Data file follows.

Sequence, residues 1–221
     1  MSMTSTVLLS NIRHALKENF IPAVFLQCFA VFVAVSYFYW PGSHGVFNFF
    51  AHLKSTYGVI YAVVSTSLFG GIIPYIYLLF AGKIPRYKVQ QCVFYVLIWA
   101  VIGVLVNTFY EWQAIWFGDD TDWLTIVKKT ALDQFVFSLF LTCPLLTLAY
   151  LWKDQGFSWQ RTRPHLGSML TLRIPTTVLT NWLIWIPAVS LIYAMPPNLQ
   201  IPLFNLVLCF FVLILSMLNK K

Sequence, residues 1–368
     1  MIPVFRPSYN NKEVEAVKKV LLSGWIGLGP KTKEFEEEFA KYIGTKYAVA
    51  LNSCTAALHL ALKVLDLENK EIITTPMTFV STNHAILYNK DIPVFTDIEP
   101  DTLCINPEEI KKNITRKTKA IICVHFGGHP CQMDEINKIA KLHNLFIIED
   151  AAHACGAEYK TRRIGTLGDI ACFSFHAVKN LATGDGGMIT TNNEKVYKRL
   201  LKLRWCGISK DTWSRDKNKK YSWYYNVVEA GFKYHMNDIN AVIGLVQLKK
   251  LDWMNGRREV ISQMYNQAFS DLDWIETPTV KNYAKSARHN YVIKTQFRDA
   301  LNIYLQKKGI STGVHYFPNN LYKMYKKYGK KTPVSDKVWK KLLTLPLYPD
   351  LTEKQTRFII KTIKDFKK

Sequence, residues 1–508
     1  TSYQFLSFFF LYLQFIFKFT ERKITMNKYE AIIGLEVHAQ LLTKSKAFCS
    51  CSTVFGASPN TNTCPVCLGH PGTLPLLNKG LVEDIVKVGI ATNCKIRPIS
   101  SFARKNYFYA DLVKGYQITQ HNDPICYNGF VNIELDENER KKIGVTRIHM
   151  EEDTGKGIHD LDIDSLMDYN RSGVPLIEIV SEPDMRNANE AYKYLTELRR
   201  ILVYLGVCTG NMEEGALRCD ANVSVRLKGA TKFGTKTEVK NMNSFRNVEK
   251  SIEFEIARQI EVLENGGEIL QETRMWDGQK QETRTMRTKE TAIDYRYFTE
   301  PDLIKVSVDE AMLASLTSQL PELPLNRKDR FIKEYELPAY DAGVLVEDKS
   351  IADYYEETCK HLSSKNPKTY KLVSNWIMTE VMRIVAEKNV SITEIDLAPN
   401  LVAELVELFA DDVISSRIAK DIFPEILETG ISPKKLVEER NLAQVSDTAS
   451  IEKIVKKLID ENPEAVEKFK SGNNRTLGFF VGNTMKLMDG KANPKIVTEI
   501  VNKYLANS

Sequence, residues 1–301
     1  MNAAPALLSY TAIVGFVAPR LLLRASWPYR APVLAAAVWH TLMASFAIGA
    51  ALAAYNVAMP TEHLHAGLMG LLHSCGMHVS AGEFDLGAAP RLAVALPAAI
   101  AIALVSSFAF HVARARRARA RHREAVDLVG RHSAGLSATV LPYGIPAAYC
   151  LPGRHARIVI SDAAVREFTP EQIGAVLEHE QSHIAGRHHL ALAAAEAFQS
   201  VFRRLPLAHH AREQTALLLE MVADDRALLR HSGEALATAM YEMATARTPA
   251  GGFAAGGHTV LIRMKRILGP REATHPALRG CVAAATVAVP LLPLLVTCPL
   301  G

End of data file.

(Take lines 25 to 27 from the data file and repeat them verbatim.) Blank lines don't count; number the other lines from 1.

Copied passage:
   401  LVAELVELFA DDVISSRIAK DIFPEILETG ISPKKLVEER NLAQVSDTAS
   451  IEKIVKKLID ENPEAVEKFK SGNNRTLGFF VGNTMKLMDG KANPKIVTEI
   501  VNKYLANS